When upper basin states asked where the water cuts would come from, the lower basin states replied, “We can’t tell you that, but we promise it’s going to happen,” Mitchell said. The lower basin also did not provide financial details on how much water compensation would cost.
Mitchell said the lower states have the right intentions, but she decided not to sign onto their plan because she did not think they could show how the plan would be enforceable and make a difference in the river system before the May 30 deadline for comments.
On May 19, Mitchell and other upper basin state representatives decided to do something to show that the basin states can work together. Mitchell said the upper and lower basin states asked the Bureau of Reclamation for time to analyze the lower basin’s plan.
“What we decided over the weekend is that, while we can’t support a plan because we don’t have the details,” Mitchell said. “We will support the analysis of that because it’s incredibly important that anything that anybody is trying to do better, needs to be analyzed and it needs to be measured.”
The bureau approved the states’ request, implementing a pause on the SEIS on the day of the State of the River meeting.
Neal Misbach, the lead water commissioner for the Colorado Division of Water Resources’ Glenwood Springs office, gave the first presentation of the night, showing the audience current conditions of rivers in and around Grand County.
After Misbach’s talk, Speaker of the House Julie McCluskie and State Senator Dylan Roberts spoke shortly about their commitment to protecting the Colorado River through their legislative work.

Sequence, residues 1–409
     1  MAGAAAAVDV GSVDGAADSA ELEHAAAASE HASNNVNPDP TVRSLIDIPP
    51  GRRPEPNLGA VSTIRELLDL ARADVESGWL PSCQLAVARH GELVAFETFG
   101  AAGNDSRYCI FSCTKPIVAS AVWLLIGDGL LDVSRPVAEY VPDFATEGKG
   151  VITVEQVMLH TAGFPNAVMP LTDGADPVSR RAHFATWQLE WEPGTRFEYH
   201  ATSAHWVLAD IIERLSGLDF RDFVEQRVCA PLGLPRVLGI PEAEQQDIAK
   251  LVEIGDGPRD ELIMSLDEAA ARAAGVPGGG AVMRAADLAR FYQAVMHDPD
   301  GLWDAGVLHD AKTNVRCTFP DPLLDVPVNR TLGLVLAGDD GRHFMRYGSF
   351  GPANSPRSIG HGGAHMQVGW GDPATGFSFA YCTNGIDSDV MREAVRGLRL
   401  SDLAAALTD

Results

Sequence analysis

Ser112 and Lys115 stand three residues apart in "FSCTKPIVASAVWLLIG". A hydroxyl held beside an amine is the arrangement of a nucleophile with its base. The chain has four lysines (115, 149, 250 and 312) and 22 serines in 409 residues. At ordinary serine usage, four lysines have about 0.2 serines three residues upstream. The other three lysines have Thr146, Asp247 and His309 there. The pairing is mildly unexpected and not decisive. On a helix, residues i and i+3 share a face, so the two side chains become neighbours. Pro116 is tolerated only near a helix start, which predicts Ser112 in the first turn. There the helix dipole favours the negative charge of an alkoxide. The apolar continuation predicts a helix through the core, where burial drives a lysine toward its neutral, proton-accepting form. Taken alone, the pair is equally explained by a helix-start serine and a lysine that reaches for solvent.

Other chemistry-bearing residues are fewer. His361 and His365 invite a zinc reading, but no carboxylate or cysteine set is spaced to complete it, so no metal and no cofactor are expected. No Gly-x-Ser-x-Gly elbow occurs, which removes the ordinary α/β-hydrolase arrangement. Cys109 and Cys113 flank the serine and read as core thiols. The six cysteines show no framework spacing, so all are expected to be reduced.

“The Colorado River is much more than a waterway,” McCluskie said. “It is the embodiment of what it means to be a Coloradan. It is our spirit, our romance, our religion, and it is so incredibly important that we protect this river for decades, if not generations, to come.”
The final two talks at the State of the River meeting both covered local issues. Isabel de Silva, a Rocky Mountain National Park ecologist; Kayli Foulk, a Grand County water quality specialist; and Kimberly Mihelich, a Northern Water source water protection specialist, presented about the Kawuneeche Valley Ecosystem Restoration Collaborative.
The collaborative works to restore water quality and river habitats along the Colorado River from its headwaters to Shadow Mountain Reservoir. While it plans to expand throughout that whole region, its current work focuses on Rocky Mountain National Park — specifically restoring beaver and willow habitats.
Foulk rounded out the presentations with a short talk about Grand County Learning By Doing‘s update of the county’s Stream Management Plan. Look for involvement opportunities related to the management plan on GrandCountyLearningByDoing.org.